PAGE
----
Oh so very delicious. Rabbit is very fiddly to eat but worth it when it just falls off the bone with this recipe. The sauce would be even better if it was slow cooked for another hour or so. The recipe did state to serve with rice and a green salad but sod it, I served it with fluffy mash which soaked up the sauce perfectly.



Veldt Bread, Namibia. Olympic Food Challenge

I was struggling for a decent recipe for Namibia, for the Olympic Food Challenge, as have a couple of other bloggers with smaller African nations, however after a determined search I stumble across this recipe for Veldt Bread or 'Bread of the Wild.
Veldt or Veld refers to the wild open spaces of Southern Africa covering South Africa, Botswana, Zimbabwe and Namibia. This bread was a creation of European settlers who wanted a quick bread recipe but didn't have any typical raising agent (yeast). This recipe is a blend of techniques from making scones to making bread, It uses baking powder and is quick to make. The recipe that I used gave a very wet dough but after a bit extra flour it sorted itself out, next time I'll add the milk a little at a time and not drop it all in at once.
Veldt Bread
50 g butter
450 g wholemeal flour
20 g baking powder 
50 g brown sugar
1/2 tsp ground cinnamon
1/4 tsp ground cloves
1/3 tsp allspice
150 ml skim milk
1 egg, beaten 
1 tsp vegetable oil

Mix all the dry ingredients in a bowl and then rub in the butter until crumbly.
Make a well in the centre and add the egg and the milk until a soft dough is formed.
Knead well for 5 - 10 minutes
Grease a 900g loaf tin with the oil and shape the dough and place into the tin.
Bake for around 40 minutes at 180C until risen and brown.

Slightly dry but very tasty quick bread. spicing is subtle and this stuff is excellent with plenty of butter or honey.

almost forgot....

If you haven't figured it out already Namibia is a southern African nation. A member of the IOC since 1991 and have yet to win a Gold, bagged themselves a few silvers though in 92 and 96.

Thursday 2 August 2012

Quetcheflued (Plum tart), Luxembourg. Olympic Food Challenge

Luxembourg was one of the awkward countries for the Olympic food Challenge, an initial search didn't turn up with anything particularly interesting, I did look at the Plum tart but it seemed fairly dull, well I was wrong there.

First the housekeeping.

Luxembourg or to give it it's full name: Grand Duchy of Luxembourg, a European country bordered by France, Belgium and Germany. A member of the IOC since 1912, their Olympic record is poor with only one Gold and one silver since its recognition.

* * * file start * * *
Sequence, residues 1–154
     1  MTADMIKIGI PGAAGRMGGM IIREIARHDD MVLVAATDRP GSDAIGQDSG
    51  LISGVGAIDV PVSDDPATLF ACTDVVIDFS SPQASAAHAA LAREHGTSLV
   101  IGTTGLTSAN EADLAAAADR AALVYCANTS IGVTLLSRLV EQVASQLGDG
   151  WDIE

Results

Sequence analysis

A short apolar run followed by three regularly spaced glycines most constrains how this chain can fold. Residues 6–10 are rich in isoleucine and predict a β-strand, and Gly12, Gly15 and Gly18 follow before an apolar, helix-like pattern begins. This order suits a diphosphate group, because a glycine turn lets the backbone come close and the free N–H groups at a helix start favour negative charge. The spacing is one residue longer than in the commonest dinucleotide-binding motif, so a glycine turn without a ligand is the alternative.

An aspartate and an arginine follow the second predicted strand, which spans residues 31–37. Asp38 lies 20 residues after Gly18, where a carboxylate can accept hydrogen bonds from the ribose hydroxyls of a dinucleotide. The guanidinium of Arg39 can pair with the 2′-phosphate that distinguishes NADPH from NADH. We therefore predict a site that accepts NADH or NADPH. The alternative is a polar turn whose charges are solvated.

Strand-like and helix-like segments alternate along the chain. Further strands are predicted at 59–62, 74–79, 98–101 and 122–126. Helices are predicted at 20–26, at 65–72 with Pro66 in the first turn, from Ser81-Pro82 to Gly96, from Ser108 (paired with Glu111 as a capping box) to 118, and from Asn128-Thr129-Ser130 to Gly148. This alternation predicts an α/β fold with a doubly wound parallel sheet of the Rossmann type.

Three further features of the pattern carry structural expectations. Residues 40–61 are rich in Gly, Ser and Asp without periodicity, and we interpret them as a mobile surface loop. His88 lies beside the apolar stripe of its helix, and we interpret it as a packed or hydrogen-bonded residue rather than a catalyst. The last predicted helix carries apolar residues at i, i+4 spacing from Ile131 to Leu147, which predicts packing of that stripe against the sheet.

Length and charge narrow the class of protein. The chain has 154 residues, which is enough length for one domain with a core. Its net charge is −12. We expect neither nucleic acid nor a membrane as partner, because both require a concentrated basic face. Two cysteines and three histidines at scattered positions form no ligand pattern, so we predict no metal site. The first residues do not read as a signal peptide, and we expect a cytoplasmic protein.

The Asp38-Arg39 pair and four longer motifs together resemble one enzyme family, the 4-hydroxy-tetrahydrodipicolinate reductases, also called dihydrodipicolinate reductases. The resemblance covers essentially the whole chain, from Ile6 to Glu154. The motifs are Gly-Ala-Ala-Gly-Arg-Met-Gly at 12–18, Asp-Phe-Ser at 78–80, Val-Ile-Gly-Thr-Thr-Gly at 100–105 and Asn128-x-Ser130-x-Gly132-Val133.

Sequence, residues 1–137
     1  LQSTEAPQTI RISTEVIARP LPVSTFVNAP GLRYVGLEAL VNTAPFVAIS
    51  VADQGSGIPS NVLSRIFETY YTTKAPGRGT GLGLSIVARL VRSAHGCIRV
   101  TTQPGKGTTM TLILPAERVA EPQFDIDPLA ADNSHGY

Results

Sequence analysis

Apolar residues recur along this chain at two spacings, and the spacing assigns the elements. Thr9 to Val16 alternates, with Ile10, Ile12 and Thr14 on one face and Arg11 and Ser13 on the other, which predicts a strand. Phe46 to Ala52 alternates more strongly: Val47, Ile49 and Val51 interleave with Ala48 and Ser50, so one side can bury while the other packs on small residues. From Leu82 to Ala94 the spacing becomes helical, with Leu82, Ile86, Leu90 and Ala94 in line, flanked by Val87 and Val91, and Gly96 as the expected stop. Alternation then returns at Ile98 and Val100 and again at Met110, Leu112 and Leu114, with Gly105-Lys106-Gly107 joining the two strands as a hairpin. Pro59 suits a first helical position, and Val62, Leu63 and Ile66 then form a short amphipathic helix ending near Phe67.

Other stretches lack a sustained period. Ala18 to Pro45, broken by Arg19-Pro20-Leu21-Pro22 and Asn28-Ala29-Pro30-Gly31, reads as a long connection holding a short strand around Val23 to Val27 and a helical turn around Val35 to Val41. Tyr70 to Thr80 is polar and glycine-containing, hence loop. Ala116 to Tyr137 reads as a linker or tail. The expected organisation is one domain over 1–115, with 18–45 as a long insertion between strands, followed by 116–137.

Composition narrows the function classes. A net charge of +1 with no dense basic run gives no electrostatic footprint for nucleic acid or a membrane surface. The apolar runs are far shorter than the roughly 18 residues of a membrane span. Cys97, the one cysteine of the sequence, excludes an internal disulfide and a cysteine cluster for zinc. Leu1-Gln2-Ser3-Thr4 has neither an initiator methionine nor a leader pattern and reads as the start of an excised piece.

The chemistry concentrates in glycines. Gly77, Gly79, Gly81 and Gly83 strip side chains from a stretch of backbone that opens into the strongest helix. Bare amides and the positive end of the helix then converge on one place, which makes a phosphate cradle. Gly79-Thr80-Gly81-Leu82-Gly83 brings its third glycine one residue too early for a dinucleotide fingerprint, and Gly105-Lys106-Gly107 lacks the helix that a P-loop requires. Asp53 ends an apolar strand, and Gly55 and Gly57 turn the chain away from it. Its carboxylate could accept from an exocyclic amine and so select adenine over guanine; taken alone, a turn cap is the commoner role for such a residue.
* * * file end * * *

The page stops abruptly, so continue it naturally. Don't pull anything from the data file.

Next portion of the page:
So, running out of options and time I went for the plum tart, it's a traditional dish after all, can't be that bad. Reading the recipe confused me for a minute, I was expecting a traditional pastry case but instead I got a recipe for a very slightly sweet bread base, there is no filling as such just as many plums that you can squish in.


250g plain flour,
1/2 satchet of dried yeast
40g sugar
125ml lukewarm milk
pinch of salt
50g butter,melted an cooled
1 egg

Add the flour, salt, sugar and yeast to a bowl.
Make a well in the centre of the flour and add the egg, butter and milk.
Mix until a soft dough is formed, knead for a couple of minutes until smooth and stretchy.
Leave to rise for 40 or so minutes.
After 40 minutes, knock back the dough and press into a buttered large pie dish or tart dish.
Add the plums in a nice circle shape until you can't fit anymore in.
Bake in a preheated oven at 180C until the outside edge is golden brown. 

Very very good. It is very light meaning more slices can be consumed at once. The bread base is slightly sweet and soft and crisp round the edges, the plums are soft and sour. All it lacks is something a bit sweeter to counteract the sourness of the fruit, enter.......Custard!!!

Wednesday 1 August 2012

Papaya & Pineapple Marmalade, Tuvalu. Olympic Food Challenge

Time to change it up a little bit, there is more to life than savoury dishes and this is the first of the global sweet ambassadors for the Olympic Food Challenge from the country of Tuvalu.

Tuvalu, formally known as Ellice islands is a little island nation in the Pacific ocean, midway between Hawaii and Australia. (what would we do without Wikipedia?). a relative newcomer to the Olympics, only being recognised in 2007, they did not pick up a medal in Beijing but lets hope that changes in London.

I barely looked for a recipe from this country before this delicious sounding beauty popped up allowing me to check out my mad jam making skillz. I say skillz, I haven't made jam since G.C.S.E but how hard could it be...


900g finely diced ripe pineapple
900g diced ripe papaya
500g caster sugar
1-1 / 2 teaspoons grated lemon rind or lemon zest
(½ lemon or more if you like it tart)
50ml lemon juice
1-2 tablespoons fresh grated ginger, if desired


Mix pineapple and sugar in large shallow saucepan and let stand while
preparing the papaya.
Add papaya.
Add grated lemon rind and juice.
Bring slowly to boiling point and boil about 30 minutes until mixture sheets from spoon, or until temperature
reaches 224ยบ degrees Fahrenheit on a thermometer.
Pour into sterilised jars and seal.

Well not that difficult really, I didn't have the full amount of papaya and pineapple so i reduced the quantities slightly, hence why I only have two jars. I would cut up the pineapple a little more for next time, it was, however, lovely stuff, very sweet as you would expect but very fresh as well, like a little tropical sunshine in your mouth. Delicious